Is it even a reasonable idea to have a server at home getting backups of all my clients websites periodically?
Yes, provided you follow some precautions
Is there any security threat to my computers connected on the same network/router as the server that will have FTP access?
Yes, if you do not follow some precautions
- What if my cloud server gets compromised? Then it is likely my home-based backup PC will also be compromised because the cloud server can connect to it.
- What if my home-based backup PC is compromised? What does it have access to?
So you basically want to reduce the risk of compromise of either system, whilst also limiting what access an attacker would have in the event that they do manage to compromise either/both.
- Don't use FTP as credentials can be transmitted unencrypted, run an SSH server on a Linux box, and connect/transfer files using
scp. Alternative - find an SFTP or SCP type server that runs on Linux, Mac or Windows.
- Use a limited SSH account that only has scp access to the backup directory, and only enough access to send the backup.
- Use a private key for authentication
- With the above steps, if your remote cloud server is broken into and the private key is stolen, then an attacker will only get access to a backup of a server that they already have access to!
- Run a firewall which has NAT/port forwarding and DMZ features (could even be your ISP's WiFi router if it has up to date firmware with no known vulnerabilities - double check this - some older ISP routers are riddled with bugs)
- Place your home-based backup computer in a DMZ. This way it doesn't easily get access to any of your other computers, and therefore dramatically reduces the threat if it is compromised. You can forward port 22 from your internal home network to the DMZ and log on with higher privileges for administration/scp purposes.
- Use the NAT/port forwarding to forward a random high TCP port (e.g. 55134) from your public IP to your SSH service - this will make the service less easily picked up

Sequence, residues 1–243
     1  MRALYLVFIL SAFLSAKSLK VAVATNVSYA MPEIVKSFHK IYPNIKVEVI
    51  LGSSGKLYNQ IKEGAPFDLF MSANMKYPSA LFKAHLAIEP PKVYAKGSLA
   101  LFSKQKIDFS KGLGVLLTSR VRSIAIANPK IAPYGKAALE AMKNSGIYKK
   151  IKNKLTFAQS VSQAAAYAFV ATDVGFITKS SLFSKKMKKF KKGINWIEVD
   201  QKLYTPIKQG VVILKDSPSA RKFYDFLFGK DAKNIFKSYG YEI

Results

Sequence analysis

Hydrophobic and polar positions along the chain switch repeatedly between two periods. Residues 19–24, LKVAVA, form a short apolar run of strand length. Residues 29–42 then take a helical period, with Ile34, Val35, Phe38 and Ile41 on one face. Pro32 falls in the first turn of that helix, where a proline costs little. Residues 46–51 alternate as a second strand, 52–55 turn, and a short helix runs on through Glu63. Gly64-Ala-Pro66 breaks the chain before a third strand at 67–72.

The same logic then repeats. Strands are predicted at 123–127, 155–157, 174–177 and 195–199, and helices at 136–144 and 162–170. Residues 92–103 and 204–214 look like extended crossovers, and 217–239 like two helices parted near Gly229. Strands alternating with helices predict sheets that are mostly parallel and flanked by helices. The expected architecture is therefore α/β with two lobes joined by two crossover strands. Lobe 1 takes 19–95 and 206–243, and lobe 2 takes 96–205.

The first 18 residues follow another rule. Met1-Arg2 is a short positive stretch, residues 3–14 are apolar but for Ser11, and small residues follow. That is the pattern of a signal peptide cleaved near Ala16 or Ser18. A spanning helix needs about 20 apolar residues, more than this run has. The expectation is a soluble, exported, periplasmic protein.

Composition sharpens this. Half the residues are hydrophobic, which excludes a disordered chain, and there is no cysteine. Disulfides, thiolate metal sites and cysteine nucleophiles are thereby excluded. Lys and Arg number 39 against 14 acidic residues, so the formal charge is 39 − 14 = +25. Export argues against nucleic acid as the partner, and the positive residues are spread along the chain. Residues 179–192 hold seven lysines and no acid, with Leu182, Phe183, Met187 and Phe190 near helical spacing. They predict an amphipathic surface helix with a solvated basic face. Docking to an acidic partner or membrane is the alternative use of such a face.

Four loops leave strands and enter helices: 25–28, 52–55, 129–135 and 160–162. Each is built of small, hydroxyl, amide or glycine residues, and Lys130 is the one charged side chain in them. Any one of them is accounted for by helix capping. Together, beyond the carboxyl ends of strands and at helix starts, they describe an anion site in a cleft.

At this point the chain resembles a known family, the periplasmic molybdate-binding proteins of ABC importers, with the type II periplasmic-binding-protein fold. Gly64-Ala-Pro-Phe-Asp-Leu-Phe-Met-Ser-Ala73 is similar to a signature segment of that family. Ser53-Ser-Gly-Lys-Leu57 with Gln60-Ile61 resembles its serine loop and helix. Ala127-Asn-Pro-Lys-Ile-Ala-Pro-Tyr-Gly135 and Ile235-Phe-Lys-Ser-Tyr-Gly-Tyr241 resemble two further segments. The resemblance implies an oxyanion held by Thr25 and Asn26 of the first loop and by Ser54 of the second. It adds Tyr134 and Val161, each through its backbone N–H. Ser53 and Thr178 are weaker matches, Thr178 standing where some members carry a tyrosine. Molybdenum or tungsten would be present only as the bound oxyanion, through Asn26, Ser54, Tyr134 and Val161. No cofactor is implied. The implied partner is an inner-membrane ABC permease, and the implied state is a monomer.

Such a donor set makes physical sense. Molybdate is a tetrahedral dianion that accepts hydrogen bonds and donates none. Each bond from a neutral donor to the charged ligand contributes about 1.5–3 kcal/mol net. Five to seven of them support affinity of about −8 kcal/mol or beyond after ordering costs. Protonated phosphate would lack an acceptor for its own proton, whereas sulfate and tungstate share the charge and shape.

- Restrict access on the firewall so that the forwarded port is only visible to your remote cloud server
- Don't place any confidential data, SSH private keys, passwords, etc. etc. on your backup computer. This way if it is compromised you further reduce what an attacker has access to.
- Keep all systems/services up to date - especially on the cloud server and the backup PC. Vulnerabilities are always being discovered and can often easily be exploited by attackers, for example to turn basic access into root level access. (e.g. https://dirtycow.ninja/)
This list is the ideal scenario and should help you think about the risks. If your ISPs router doesn't have a DMZ feature and you don't want to invest in setting up an alternative firewall, then you might be happy with a compromise (I personally wouldn't be happy with it)- in that case I would ensure host-based firewalls are active on all your internal network PCs, and strong passwords, require authentication for all shares/services etc.
An alternative, as suggested by another user (here is a bit more detail) would be to script your cloud server to produce the backups and make them available, and script your backup PC to connect via SFTP or SCP (SSH) to pull the backups.
This could work well, but lock down the SSH/SFTP port so that only your backup PC can access it, use a limited access account, and think about some of the same precautions. E.g. what if your backup PC is compromised? Then your cloud server is also compromised, etc.